Apocalypse Now

This is a quick ridiculous little zombie story. Even though it’s a zombie story, it doesn’t make a whole lot of sense. I mean think about this logically. If some weird stranger who is dirty and disheveled showed up at your doorstep, would you really open the door to deal with him? Hell no! You’d lock the door and call the cops and let them deal with him!

Plus when they do deal with the zombie, these two characters instantly assume that it’s the end of the world and start calling people to tell them it’s the apocalypse and writing people off as dead just because they aren’t answering their phones. How does that make sense? “Oh, so-and-so, didn’t answer his/her phone, guess they’re dead.” I’m serious, the main character’s boyfriend can’t reach his family and he writes them off as dead and she is so proud that he is so strong because he is dealing with it so well. It’s like the guy doesn’t even give his family a second thought.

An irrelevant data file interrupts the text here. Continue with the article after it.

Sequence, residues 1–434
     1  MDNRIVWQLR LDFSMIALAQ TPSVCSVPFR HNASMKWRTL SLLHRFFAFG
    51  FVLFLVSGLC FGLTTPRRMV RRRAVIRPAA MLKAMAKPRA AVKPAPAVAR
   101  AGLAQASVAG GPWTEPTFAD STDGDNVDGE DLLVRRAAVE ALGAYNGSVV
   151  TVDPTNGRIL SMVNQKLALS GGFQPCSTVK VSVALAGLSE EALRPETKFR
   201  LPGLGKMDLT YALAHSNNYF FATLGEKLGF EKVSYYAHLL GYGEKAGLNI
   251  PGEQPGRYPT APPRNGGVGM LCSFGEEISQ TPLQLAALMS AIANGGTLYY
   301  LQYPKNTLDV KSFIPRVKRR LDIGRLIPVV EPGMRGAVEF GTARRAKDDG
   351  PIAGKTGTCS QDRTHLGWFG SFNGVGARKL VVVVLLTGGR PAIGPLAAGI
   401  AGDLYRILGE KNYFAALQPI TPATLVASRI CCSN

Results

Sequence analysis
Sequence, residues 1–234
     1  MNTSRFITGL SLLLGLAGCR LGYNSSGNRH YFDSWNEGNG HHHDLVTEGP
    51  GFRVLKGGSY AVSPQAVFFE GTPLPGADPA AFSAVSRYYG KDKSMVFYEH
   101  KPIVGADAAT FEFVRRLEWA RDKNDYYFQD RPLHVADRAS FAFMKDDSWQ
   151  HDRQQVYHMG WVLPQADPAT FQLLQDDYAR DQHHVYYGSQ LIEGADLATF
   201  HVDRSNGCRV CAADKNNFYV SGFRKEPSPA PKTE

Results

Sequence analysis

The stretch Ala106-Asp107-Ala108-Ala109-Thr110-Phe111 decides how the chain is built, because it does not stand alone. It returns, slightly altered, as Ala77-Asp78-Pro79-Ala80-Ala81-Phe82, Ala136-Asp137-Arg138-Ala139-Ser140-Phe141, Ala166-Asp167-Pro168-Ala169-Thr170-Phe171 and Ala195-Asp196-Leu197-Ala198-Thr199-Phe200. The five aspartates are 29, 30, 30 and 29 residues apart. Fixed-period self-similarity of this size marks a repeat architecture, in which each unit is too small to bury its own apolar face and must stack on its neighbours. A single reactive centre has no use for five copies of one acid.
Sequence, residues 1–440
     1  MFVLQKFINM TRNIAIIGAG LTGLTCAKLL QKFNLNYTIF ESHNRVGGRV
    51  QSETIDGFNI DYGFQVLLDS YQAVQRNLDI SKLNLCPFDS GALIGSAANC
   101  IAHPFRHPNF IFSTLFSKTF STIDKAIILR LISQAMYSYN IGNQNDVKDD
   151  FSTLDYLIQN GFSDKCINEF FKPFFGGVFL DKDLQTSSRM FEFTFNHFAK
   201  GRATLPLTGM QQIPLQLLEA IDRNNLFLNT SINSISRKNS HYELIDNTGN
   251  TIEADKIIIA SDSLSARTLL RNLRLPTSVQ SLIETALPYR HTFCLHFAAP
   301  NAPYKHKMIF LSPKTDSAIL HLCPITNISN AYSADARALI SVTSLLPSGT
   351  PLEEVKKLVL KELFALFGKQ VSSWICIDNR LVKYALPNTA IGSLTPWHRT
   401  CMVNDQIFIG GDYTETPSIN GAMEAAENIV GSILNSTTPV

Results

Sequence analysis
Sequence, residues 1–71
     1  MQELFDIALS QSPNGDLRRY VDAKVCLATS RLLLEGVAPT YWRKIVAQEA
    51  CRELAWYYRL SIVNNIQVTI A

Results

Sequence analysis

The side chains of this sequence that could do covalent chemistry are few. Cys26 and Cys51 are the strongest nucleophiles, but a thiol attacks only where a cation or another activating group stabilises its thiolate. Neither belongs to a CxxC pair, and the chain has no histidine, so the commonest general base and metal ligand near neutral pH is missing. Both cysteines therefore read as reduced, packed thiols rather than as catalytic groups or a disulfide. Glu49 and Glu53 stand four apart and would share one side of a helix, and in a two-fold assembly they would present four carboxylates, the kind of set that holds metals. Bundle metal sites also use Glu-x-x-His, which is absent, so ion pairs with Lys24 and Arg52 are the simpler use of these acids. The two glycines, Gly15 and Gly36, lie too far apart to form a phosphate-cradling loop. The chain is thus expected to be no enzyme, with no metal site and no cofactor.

Moving on, the main character calls up her comic convention friends to check on them. If I was in the apocalypse, I really wouldn’t care much about people I meet up with once a year to cosplay with, I would care more about my family.

Another thing that bugs me about this is that everything is just way too convenient for these characters. When they flee, they don’t run into any wrecked cars, the roads are all clear, no roaming herds of zombies, no one in their group is injured or bitten, etc. It’s just one convenient thing after another for these characters. And that includes that scene where two of them just happen to have a bazooka with them and use it to take out a group of zombies with no explanation as to where they got that weapon.

The story ends with them meeting up with the main character’s father in an empty hotel. She is worried about some of her friends, but it turns out that they are also at the hotel. Yet another convenient thing for her.

Something that makes stories interesting and makes you want to know what happens next is conflict. This story has none of that! And without conflict, characters don’t grow and don’t change. Who wants to read about characters like that?

Skip this one.

1 Star